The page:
Bioluminescent fish — marine species capable of producing their own light — have evolved on a much wider scale than previously thought, according to a recent report published in the journal PLOS ONE.
Bioluminescence is a unique trait generally thought to be enjoyed by only a few species. In the dark depths of the ocean, it is used a means of communication, to deter predators, or locate prey.
The first ocean fish to have this ability appeared during the Cretaceous period roughly 150 million years ago. Since then, researchers who analyzed a wide range of bioluminescent fish in order to trace their origins say the trait spread to many different species.
They found that the trait was present 29 times in marine fish across 14 different clades — groups that come from a single ancestor — with likely even more such species out there, Live Science reports.
Prior to this new study, scientists believed that bioluminescence evolved just 40 times across all known animal species. Finding 29 instances just in fish alone drastically changes that perception.
“When things evolve independently multiples times, we can infer that the feature is useful,” said co-author W. Leo Smith, from the University of Kansas, in a statement. “You have this whole habitat where everything that’s not living at the top or bottom of the ocean or along the edges — nearly every vertebrate living in the open water — around 80 percent of those fish species are bioluminescent. So this tells us bioluminescence is almost a requirement for fishes to be successful.”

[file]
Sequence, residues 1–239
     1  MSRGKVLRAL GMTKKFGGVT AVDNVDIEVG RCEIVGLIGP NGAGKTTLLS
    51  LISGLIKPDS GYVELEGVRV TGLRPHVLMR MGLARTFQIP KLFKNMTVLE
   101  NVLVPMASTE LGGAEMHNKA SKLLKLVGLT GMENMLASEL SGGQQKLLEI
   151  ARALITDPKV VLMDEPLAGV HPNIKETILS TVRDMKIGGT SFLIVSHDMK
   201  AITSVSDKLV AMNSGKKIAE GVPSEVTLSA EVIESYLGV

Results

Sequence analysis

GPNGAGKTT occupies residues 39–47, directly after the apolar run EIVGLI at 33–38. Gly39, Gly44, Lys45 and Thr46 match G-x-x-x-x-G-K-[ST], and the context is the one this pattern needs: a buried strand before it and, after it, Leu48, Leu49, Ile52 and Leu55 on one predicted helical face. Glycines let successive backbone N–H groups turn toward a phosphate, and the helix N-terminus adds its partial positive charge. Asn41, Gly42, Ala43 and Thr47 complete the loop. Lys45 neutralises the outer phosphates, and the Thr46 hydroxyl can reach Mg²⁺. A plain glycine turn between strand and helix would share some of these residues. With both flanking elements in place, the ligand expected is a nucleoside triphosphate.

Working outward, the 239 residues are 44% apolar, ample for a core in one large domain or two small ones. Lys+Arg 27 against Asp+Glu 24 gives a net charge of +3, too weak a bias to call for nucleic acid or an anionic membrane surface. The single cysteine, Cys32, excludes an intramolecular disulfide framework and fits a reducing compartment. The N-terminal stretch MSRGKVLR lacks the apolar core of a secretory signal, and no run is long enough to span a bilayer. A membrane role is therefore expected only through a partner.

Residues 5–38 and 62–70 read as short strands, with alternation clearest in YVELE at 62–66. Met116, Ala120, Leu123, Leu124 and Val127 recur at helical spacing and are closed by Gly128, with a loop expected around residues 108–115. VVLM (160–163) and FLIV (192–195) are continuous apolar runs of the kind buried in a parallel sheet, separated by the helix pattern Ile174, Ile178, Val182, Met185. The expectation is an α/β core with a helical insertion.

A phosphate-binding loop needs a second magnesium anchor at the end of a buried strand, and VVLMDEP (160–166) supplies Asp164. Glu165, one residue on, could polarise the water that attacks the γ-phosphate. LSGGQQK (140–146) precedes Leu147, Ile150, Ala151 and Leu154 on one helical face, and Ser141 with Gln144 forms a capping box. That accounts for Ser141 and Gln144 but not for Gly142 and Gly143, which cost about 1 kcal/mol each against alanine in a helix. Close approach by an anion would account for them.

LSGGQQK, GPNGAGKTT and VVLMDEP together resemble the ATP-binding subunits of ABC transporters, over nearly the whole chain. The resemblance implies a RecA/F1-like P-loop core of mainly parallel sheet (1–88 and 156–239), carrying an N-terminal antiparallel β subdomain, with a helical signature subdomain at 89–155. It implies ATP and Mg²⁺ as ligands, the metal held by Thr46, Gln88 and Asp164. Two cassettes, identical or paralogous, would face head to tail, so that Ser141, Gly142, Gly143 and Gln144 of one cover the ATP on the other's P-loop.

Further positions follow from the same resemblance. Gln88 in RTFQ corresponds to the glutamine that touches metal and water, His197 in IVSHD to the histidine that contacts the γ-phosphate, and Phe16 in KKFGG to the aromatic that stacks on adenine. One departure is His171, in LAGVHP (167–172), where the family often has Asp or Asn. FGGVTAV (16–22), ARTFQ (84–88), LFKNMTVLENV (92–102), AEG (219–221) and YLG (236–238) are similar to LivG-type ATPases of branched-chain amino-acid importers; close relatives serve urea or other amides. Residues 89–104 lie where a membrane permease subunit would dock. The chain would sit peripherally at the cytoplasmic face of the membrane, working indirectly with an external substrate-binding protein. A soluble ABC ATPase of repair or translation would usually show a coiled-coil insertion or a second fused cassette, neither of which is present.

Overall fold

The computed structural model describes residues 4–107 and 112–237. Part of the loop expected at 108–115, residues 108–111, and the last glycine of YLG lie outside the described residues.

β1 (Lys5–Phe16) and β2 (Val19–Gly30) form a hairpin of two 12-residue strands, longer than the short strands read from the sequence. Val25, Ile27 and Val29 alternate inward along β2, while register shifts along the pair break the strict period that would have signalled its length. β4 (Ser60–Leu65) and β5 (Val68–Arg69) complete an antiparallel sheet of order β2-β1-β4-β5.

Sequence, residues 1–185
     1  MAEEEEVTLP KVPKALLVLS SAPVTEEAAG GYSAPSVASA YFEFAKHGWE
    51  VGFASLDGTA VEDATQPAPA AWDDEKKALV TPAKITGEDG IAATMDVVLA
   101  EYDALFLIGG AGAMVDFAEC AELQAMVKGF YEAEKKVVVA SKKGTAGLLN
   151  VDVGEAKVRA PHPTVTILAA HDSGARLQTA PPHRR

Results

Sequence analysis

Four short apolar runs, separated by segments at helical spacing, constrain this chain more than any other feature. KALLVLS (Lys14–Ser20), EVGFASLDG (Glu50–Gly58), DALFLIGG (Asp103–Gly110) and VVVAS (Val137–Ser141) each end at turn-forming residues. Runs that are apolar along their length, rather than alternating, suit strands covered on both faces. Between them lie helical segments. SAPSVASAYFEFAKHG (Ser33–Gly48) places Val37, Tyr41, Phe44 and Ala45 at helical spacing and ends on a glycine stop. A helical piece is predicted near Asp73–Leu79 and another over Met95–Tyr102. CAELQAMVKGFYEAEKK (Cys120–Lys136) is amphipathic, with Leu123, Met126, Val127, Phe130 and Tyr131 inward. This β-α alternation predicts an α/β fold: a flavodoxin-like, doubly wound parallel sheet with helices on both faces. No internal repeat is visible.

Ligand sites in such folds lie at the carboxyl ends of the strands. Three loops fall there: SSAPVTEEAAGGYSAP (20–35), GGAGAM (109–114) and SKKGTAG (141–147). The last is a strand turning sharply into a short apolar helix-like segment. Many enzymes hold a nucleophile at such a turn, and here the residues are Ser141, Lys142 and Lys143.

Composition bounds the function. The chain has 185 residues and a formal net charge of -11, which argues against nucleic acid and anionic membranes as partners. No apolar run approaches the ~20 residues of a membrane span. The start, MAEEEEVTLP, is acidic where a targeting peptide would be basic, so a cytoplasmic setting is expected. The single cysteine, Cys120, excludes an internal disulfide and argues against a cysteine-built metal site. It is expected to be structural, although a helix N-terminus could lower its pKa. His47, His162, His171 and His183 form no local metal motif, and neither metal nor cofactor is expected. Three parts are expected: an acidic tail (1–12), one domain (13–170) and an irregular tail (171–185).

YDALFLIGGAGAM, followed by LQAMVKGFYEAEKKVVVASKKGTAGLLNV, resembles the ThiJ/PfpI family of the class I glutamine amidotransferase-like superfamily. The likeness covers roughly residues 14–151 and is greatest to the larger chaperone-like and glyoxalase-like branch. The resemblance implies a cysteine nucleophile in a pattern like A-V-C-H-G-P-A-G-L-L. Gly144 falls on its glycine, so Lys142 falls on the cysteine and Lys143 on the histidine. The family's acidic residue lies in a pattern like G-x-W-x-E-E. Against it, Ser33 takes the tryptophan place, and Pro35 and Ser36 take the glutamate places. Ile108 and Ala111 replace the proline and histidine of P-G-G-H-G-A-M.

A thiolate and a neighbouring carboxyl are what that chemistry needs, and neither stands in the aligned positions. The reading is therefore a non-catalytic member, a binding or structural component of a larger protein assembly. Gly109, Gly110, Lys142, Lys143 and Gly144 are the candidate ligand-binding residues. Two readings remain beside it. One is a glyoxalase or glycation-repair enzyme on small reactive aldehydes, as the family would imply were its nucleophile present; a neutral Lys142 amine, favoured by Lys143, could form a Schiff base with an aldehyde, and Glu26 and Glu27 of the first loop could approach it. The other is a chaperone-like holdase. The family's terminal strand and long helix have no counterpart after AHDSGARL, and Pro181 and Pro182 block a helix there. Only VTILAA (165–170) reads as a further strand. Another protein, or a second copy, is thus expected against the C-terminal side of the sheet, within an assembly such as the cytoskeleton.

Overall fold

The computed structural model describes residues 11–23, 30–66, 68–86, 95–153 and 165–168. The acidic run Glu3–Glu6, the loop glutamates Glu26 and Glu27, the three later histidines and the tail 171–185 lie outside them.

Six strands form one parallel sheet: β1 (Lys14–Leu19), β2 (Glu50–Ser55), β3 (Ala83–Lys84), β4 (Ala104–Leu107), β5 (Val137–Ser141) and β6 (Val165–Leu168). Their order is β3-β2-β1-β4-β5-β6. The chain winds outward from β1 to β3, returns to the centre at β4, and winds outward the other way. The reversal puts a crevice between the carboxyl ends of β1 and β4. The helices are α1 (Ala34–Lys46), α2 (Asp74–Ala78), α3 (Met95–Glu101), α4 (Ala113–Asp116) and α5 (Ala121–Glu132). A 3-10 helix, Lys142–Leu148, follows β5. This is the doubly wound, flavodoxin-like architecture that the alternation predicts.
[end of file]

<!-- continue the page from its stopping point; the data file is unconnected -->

The team also found that once bioluminescence appeared within a lineage, that lineage quickly diversified. Those that used light to communicate were particularly varied.
Fish create light for numerous reasons. For instance, the dragonfish uses light-producing organs on their stomachs — known as photophores — to blend in with the meager light coming down from the surface. This helps them hide from potential predators that may be looking at them from below.
Another type of photophore located on a fish’s face is often used for communication and some species have flexible, light-up appendages that attract prey. The arrangement of communication light organs varies from species to species.
The team plans to continue their research by studying bioluminescence on a genetic level. They hope this will help them understand the way the trait evolved and how fish came to catalyze the chemical that allows them to glow.
But, for now, many questions still remain.
“Many fishes proliferate species when they evolve this trait — they differentiate, but we don’t know why,” added Smith. “In the ocean, there are no physical barriers to separate groups of deep-sea fishes, so why are there so many species of anglerfishes, for example? When they start using bioluminescence for species recognition, they diversify into a lot more species.”